2004 Denver Annual Meeting (November 7–10, 2004)

Paper No. 12
Presentation Time: 4:45 PM


MAEST, A.S., NORDSTROM, D. Kirk and LOVETERE, S.H., U.S. Geol Survey, 3215 Marine St., Suite E-127, Boulder, CO 80303, amaest@aol.com

Historical water quality samples from the Red River, New Mexico, were evaluated to determine influences on water quality from 1965 to 2001. The flow regime of the Red River was found to have a major effect on water quality. The highest sulfate and zinc concentrations and lowest alkalinity values were associated with the early part of the rising limb of summer thunderstorm events and early snowmelt runoff when sulfide oxidation products (soluble salts and concentrated water) are flushed from mineralized areas of the Red River before being diluted by runoff. These transient events can be difficult to capture as part of planned sampling programs but were observed in some of the data.

A trend of increasing sulfate concentrations and loads over long time periods also was noted at the Questa Ranger Station gage on the Red River, possibly related to mining activities, because the same trend was not apparent for locations upstream from the mine. This trend was only apparent when the dynamic events of snowmelt and summer rainstorm events were eliminated and only low-flow concentrations were considered. Sulfate concentrations and loads and zinc concentrations downstream from the mine were uniformly higher, and alkalinity values were consistently lower, than those upstream from the mine, suggesting that additional sources of sulfate, zinc, and acidity enter the river in the vicinity of the mine. During storm events, alkalinity values dropped both upstream and downstream from the mine, indicating that weathering of natural sources, most likely hydrothermal scar areas, caused short-term changes in the buffering capacity of the Red River.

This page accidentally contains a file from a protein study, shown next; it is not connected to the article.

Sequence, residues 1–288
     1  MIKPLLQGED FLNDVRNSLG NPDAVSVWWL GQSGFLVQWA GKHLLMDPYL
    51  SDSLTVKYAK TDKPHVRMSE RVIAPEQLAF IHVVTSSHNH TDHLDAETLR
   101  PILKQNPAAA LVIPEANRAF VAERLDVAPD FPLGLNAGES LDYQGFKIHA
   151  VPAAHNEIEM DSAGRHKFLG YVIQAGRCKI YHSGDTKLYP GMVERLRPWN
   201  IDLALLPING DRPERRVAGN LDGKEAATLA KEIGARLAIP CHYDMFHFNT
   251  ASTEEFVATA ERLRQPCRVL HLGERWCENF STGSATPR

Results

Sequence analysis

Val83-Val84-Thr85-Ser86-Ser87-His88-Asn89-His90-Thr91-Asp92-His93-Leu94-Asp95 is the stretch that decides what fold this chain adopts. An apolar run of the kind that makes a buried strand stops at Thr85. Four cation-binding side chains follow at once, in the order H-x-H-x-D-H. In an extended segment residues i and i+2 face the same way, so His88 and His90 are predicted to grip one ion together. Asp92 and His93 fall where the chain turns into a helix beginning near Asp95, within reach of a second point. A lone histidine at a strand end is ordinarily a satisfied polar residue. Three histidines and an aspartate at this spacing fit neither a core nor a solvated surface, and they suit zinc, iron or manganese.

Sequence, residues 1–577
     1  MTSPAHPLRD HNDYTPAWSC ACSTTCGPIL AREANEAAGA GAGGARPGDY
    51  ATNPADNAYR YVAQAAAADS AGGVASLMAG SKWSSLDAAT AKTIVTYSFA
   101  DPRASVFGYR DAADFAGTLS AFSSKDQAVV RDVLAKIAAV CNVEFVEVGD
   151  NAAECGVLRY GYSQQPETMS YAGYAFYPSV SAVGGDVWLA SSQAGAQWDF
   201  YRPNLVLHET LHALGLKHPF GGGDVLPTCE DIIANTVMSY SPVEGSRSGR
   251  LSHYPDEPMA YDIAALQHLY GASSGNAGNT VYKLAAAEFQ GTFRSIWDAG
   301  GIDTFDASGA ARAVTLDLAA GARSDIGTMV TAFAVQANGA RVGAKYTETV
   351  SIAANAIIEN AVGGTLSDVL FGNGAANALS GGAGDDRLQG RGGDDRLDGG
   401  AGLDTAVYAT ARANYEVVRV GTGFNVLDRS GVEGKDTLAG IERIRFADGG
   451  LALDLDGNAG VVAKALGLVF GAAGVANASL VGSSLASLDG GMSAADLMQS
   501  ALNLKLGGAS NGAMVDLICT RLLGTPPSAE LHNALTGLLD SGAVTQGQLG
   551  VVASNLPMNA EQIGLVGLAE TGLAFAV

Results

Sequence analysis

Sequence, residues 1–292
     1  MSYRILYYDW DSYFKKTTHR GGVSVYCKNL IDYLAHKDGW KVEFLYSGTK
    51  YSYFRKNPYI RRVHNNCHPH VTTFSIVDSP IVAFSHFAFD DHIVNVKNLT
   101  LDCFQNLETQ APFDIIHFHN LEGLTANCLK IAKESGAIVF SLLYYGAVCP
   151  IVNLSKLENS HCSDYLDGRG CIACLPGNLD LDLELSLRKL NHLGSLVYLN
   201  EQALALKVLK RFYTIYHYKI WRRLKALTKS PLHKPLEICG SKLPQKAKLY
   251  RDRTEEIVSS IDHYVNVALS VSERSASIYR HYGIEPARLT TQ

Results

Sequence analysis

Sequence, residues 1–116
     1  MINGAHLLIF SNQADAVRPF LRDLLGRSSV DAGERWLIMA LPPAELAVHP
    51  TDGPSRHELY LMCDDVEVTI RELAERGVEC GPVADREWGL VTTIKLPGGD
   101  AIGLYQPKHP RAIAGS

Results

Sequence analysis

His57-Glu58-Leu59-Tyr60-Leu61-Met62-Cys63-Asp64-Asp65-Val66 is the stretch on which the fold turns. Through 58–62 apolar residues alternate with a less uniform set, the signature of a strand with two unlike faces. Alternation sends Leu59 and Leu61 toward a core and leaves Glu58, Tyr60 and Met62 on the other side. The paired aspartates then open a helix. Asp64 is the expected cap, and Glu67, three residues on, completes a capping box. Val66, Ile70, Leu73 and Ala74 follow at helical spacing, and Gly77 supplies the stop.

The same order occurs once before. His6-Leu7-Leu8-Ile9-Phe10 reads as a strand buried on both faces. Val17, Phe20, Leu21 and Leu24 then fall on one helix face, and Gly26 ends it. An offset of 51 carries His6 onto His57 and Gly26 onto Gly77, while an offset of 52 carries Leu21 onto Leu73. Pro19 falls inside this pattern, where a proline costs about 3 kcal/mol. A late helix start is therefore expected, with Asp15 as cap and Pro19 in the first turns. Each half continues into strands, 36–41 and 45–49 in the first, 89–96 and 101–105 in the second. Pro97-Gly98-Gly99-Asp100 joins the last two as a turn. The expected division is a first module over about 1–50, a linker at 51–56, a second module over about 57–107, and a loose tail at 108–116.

The major element water chemistry of the Red River is controlled by the dissolution of calcite and gypsum and the oxidation of pyrite, and the river is generally not well buffered with respect to pH. During higher flow periods, Red River water is diluted by calcium-carbonate waters, most likely from unmineralized Red River tributaries and areas upstream from scars. The effect of pyrite oxidation on Red River water chemistry was more pronounced after the early 1980’s. The water-quality results demonstrate that hydrologic conditions must be distinguished when interpreting water chemistry in naturally mineralized or mined drainages.